For if you truly amend your ways and your doings,
if you truly act justly with one another,
if you do not oppress the alien, the orphan, and the widow,
or shed innocent blood in this place,
and if you do not go after other goods to your own hurt,
then I will dwell with you in this place,
in the land that I gave of old to your ancestors forever and ever.
Today I have chosen a Scripture reading which out of order of my original Lenten devotional plan. This is because of a flurry of current events which broke yesterday, particularly concerning our nation’s immigration and refugee policies.
I was especially grieved by an interview which new Secretary of Homeland Security John Kelly gave to CNN, in which he was specifically asked about the possibility that the Department of Homeland Security (DHS) would separate children from parents at the border with Mexico.
After talking about how dangerous the trip is from Central America to the US border, Kelly said, “We have tremendous experience of dealing with unaccompanied minors. We turn them over to (Health and Human Services) and they do a very, very good job of putting them in foster care or linking them up with parents or family members in the United States.”
He continued, “Yes I'm considering (that), in order to deter more movement along this terribly dangerous network. I am considering exactly that. They will be well cared for as we deal with their parents. ... It's more important to me to try to keep people off of this awful network.”
There is no doubt that the journey is perilous and exploitative of the families which choose to make it. But as with any group of refugees who flee from untenable living conditions, staying put is more dangerous than moving forward. These groups of families are fleeing mostly from Central American countries such as Guatemala, El Salvador, and Honduras, where violence has spiked in recent years.
Current US policy is to keep adults and children together once they enter the country, and to release them, pending disposition of their cases. The new policy would, if adopted, separate children from their parents after the arduous trip immediately upon arrival.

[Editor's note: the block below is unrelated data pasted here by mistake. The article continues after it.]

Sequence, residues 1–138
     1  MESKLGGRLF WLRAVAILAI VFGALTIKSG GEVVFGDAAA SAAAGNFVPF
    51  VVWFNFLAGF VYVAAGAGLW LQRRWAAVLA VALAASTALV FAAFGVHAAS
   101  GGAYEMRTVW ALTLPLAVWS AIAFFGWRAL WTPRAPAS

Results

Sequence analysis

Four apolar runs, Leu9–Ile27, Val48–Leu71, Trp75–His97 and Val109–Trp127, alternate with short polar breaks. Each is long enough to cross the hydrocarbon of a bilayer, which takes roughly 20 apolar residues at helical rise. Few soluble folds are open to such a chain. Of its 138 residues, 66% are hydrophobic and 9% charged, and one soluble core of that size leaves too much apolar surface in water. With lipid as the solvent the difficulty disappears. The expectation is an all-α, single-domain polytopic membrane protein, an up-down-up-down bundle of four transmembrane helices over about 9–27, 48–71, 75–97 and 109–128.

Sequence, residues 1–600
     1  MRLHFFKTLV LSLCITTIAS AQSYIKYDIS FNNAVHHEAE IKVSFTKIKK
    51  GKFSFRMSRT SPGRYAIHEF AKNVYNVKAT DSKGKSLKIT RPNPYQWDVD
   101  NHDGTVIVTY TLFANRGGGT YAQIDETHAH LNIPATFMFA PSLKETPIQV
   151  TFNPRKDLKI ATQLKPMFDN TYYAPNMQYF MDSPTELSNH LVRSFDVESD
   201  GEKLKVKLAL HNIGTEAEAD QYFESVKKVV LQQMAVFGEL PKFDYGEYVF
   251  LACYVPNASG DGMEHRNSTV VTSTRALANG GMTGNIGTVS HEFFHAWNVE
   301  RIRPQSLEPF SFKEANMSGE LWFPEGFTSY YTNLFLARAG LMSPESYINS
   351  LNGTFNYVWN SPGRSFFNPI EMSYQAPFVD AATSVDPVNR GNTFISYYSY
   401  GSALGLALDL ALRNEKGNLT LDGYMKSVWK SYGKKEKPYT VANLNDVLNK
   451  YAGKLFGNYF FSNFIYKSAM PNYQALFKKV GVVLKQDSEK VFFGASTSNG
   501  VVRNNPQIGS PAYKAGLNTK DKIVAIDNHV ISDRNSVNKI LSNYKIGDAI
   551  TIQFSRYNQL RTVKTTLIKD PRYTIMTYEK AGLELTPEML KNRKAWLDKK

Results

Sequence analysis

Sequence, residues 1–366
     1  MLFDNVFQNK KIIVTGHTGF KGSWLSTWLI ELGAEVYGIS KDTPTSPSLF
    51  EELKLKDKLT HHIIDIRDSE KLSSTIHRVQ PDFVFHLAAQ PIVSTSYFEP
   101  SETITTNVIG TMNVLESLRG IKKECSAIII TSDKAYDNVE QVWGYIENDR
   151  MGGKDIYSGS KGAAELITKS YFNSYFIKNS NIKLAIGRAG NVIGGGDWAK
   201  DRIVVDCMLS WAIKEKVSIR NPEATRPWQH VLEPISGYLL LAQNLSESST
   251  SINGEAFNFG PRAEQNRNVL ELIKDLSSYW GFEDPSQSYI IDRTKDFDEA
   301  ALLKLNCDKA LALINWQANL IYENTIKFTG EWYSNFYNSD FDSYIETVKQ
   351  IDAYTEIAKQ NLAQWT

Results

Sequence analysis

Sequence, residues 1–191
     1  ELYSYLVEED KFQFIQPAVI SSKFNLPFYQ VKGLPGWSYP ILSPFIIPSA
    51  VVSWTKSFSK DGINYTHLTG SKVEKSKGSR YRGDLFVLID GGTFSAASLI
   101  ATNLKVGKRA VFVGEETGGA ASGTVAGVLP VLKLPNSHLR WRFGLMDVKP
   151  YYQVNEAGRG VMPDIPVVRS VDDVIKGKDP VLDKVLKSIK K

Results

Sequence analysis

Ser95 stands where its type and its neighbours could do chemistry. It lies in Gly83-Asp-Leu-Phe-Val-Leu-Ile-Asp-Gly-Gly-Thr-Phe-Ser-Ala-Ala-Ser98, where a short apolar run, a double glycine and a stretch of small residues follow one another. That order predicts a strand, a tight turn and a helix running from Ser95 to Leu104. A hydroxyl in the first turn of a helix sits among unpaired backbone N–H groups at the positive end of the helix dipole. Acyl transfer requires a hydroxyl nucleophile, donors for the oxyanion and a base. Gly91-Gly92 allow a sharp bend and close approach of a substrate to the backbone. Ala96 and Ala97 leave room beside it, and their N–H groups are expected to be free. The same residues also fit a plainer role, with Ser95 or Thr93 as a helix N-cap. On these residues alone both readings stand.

I can’t think of a more precise example of what the prophet Jeremiah meant when he warned the Israelites not to “oppress the alien.” A national policy which would break up foreign families as they arrived on our border would be an oppressive policy. It would bring great harm to people who are already vulnerable.
There is no good or legitimate reason to allow this policy to stand. For one, it has nothing to do with “national security,” since Central American refugees are not potential ISIS terrorists. And the policy would do little to deter families from traveling to the US, since things are still worse in their home country. Furthermore, there is a compelling moral reason for us to take in and shelter those who are arriving. This is what we must do as fellow human beings and as followers of Jesus Christ.
It’s not a crime nor a sin to protect your children. In fact, I would argue that it’s sinful NOT to do everything you can to safeguard and care for your family members.
The families who end up at our borders are simply doing what you and I would do. What kind of reception would you want?
Prayer: God, you put us into family structures that we might prosper and thrive in a network of support and care. May we, as a nation, protect the families who come to us. Help us not to oppress the alien among us. Amen.
Justice Challenge: Here is a day to put your phone to use. Call your senators and congressperson and tell each of them that you are opposed to the proposed DHS policy of separating families at the border.